In August 2017, due to a single tweet sent by an incredibly generous poet, I spent a week at Totleigh Barton on an Arvon writing course. I’m writing this nearly a year to the day that I left London for Devon. It was like going on an expedition. Quite terrifying and also exciting. It was also life-changing – the sort of thing I never thought I would be able to do: go away on my own to be with a group of strangers, and just write. I can’t thank her enough.

A few months later I had a story accepted by an online mag I’d admired. It was my third, but this one was special. The story had taken me a year to write. It was written for, and partly about, my mother. It was the first piece of writing I’d ever been paid for, but when the issue appeared the layout of my story had been completely scrambled to the point where it had lost some of its meaning. I was really dismayed, but it taught me to submit more wisely, and to not assume all will be well!

2018 has been the year of writing and not-writing for me. Full-time work and overwhelming fatigue from having a chronic illness and ongoing worry about two of my closest relatives has meant that all I have to show for the year so far are half-finished drafts, and weeks of not writing at all. The sheer frustration of it is debilitating and confidence-sapping.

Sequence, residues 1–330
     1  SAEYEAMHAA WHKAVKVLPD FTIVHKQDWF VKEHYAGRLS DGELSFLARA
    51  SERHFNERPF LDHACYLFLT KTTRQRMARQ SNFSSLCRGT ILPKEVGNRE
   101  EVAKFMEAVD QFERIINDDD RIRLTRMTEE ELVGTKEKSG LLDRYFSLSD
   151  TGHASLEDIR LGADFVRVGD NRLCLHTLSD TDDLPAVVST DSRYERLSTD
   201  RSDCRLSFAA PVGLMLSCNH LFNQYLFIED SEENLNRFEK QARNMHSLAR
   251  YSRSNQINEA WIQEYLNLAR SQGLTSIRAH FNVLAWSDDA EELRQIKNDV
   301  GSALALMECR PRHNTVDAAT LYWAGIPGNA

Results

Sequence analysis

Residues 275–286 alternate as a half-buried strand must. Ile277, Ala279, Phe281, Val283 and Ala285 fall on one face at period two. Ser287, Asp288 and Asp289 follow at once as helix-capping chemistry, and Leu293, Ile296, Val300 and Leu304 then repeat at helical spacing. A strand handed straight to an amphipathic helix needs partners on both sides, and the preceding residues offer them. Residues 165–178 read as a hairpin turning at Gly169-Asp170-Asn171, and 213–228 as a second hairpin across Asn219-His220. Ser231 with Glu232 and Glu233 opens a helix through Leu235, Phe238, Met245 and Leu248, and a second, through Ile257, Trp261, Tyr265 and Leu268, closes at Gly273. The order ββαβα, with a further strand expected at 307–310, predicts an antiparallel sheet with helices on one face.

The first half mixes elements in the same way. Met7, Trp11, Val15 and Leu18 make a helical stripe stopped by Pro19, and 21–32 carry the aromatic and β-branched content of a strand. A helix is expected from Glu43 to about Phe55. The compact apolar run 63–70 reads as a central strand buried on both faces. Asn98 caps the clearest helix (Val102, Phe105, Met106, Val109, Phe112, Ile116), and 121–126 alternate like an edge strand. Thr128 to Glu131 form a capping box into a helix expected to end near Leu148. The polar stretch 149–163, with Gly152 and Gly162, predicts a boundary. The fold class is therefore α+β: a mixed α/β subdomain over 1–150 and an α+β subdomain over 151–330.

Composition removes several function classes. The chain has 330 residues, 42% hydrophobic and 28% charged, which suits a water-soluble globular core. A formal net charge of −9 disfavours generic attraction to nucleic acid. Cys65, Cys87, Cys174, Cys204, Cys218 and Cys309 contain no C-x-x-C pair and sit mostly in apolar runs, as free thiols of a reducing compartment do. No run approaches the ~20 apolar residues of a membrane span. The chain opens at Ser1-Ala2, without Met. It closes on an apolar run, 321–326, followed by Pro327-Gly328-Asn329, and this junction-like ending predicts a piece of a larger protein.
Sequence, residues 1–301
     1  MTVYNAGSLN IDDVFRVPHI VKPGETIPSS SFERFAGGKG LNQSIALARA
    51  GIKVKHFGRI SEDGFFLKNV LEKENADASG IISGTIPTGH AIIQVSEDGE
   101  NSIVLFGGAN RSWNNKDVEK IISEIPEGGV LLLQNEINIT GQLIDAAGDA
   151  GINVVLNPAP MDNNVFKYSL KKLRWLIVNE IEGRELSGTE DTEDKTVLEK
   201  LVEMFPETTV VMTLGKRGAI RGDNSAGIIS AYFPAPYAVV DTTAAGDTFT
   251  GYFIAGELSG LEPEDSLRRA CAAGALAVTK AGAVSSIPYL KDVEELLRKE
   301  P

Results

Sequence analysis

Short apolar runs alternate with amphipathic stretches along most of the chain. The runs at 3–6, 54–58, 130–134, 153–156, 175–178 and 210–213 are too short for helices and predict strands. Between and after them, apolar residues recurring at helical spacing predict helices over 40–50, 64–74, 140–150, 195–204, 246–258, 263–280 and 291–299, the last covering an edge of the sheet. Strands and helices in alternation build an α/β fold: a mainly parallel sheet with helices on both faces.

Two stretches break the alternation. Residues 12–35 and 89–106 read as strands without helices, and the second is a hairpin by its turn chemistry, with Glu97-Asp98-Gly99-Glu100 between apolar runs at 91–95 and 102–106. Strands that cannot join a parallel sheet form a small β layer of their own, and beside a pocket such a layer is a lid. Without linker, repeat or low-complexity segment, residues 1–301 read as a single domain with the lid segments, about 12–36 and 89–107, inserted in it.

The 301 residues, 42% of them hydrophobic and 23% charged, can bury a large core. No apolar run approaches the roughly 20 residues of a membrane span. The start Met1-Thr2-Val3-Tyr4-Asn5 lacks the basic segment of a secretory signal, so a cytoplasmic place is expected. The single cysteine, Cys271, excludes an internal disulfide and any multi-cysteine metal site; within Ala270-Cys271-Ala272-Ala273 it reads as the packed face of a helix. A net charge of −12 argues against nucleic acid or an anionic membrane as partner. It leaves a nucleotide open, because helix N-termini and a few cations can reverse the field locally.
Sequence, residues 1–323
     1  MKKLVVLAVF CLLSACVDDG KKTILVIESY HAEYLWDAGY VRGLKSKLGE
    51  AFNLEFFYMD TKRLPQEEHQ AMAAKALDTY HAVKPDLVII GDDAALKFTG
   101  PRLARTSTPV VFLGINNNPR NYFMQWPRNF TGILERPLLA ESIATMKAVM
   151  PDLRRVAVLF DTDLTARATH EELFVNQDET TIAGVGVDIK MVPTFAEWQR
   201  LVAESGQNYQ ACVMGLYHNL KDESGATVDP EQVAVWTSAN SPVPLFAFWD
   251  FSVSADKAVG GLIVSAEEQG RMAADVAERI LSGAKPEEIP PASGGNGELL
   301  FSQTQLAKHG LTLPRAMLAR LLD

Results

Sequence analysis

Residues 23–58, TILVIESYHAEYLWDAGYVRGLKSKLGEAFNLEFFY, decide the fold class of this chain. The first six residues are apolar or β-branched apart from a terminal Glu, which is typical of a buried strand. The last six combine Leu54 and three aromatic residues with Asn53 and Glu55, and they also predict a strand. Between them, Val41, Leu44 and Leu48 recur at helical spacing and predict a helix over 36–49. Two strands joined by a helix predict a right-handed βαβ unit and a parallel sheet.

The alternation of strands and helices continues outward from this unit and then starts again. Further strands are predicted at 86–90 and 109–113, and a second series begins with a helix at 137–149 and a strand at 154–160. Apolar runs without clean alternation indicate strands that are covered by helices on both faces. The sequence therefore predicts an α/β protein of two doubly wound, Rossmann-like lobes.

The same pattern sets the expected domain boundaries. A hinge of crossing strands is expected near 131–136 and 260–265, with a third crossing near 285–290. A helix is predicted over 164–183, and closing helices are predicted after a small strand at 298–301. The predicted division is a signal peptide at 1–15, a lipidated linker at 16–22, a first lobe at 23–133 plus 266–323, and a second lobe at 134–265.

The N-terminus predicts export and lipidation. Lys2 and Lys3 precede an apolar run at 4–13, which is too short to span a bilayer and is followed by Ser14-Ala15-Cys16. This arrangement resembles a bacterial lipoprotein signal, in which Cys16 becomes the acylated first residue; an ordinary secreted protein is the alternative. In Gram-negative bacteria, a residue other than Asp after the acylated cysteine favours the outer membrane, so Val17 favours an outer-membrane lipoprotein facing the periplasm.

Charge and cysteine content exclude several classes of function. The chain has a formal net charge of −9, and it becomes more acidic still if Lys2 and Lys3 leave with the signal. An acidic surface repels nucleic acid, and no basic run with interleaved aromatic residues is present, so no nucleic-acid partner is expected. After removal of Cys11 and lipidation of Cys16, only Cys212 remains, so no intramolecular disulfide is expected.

But lately, I’ve realised that I haven’t actually stopped writing. It’s been happening without my really noticing. Scraps in notebooks, ideas mulled over and over, scribbled, written and rewritten. Out of about seven stories, three are complete drafts, and two are almost there. One, at 6,000 words, is a long-term project that my heart is set on.

I can’t not write, because my survival as a human being depends on it. If my Dad was still here, he would understand.

 

 

 

 

The Space on the Page: Cloth Against Skin

My story Cloth Against Skin was accepted by an online magazine last December. I was really pleased. It was obvious from the finished issue that care was taken in the selection of stories, that the editors had been thoughtful when considering how they would fit together. The image they chose to accompany my story was perfect.

I wasn’t anticipating that the layout of my story might be changed. The story is short, under 1,000 words, but the format of it is very important to me: the separation of paragraphs and the italicisation of some sections is there to convey and emphasise the theme and meanings.

With the loss of formatting, I feel that the story lost some of its power, so I’ve decided to post it in its original form here.

 

Cloth Against Skin

I arrive in Southampton from Port-of-Spain hoping that I’m suitably dressed for an English summer:

An iris-yellow dress cinched tight at my waist.

A white pillbox hat with a little net shading my eyes.

White kitten-heeled stilettos that lift my feet off the ground.

The breeze, though, is unexpectedly cool; it embraces me like a shawl. I’ve heard about the cold of winter that drains the blood from your fingers and toes, but I haven’t felt it yet.